The Panama Canal on Wednesday applauded the United States government's decision to postpone new tariffs on a range of Chinese goods until December, saying that move will allow the interoceanic waterway to post strong results in the final months of 2019.
"The delay (in imposing the new tariffs) gives us the chance for a good start to the (next) fiscal year, which begins in October, and for a very good finish to this year," the chief administrator of the Panama Canal Authority (ACP), Jorge Luis Quijano, told reporters.
The White House said Tuesday it will hold off until Dec. 15 on imposing 10 percent tariffs on certain products imported from China, including smartphones, laptops, videogames and toys.
Some Chinese products, however, still will be subject to the new 10 percent tariffs starting on Sept. 1, including live animals, dairy products, contact lenses, motorcycle engines and lithium-ion batteries.
US President Donald Trump threatened on Aug. 1 - after little progress had been made in the latest bilateral talks aimed at ending a more than year-long trade spat - to impose 10 percent tariffs on the remaining $300 billion in Chinese goods that still are not subject to levies.
Those proposed tariffs would be in addition to 25 percent tariffs on $250 billion worth of Chinese imports that began to be imposed in July of last year.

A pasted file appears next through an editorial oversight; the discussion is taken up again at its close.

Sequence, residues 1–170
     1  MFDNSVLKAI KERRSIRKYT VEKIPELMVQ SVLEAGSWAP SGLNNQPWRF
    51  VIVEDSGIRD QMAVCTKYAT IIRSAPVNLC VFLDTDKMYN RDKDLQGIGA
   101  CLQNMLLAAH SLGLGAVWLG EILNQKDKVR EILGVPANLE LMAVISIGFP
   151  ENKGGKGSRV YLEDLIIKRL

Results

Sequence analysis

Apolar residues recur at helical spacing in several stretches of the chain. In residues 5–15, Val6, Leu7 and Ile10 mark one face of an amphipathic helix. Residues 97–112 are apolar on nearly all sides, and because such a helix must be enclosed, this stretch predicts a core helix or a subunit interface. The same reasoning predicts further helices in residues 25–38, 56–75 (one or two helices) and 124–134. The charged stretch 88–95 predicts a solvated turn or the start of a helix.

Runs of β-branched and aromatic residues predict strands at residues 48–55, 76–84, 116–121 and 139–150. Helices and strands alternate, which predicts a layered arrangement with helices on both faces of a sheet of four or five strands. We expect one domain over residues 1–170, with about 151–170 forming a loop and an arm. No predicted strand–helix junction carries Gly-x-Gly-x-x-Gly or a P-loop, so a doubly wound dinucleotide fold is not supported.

China, for its part, has retaliated by imposing tariffs on roughly $110 billion worth of US goods.
Quijano said September and October typically are the busiest months in terms of ship traffic, with a particularly large number of container ships carrying Chinese products to the Americas ahead of the Christmas holidays.
"The last ships of the Christmas campaign should be passing through here in late October at the latest so the merchandise can be distributed," said Quijano, who will step down on Sept. 4 after seven years at the helm of the ACP and be replaced by Ricaurte Vasquez, who previously held several management positions in the canal and was Panama's finance minister during the 2004 to 2009 presidency of Martin Torrijos.
Some experts said the decision to delay the tariffs reflects growing US concerns about the impact of the trade war with China on the American economy.
"There's a lot of movement of merchandise to the United States. Seeing what's coming and going (through the canal), we can say that (it seems) the United States is exporting less that what China is doing," Quijano said.
The PCA chief added that the tariff tensions have had a minimal impact on the Panama Canal, which handles 6 percent of global trade and is forecasting toll revenue in fiscal year 2019 of $2.5 billion.
"It's not that the Panama Canal has lost money. It's that it's missed out on earning more money and (that) we could have earned $30 million more," he said.
The US, which built the canal and operated it until 1999, is the main user of the interoceanic waterway followed by Japan, which recently leapfrogged China because Beijing's tariffs on US liquefied petroleum gas (LPG) and liquefied natural gas (LNG) have caused shipments of those fuels to China to grind to a halt.
A recent expansion project that added a new set of locks (the devices used to raise and lower ships) and opened in June 2016 has enabled the waterway to handle so-called Neopanamax vessels.
Those ships include vessels that carry up to 13,000 20-foot-long containers and are triple the size of the previous generation of Panamax vessels.
The canal also now can provide service to LNG carriers and other giant bulk vessels. EFE-EPA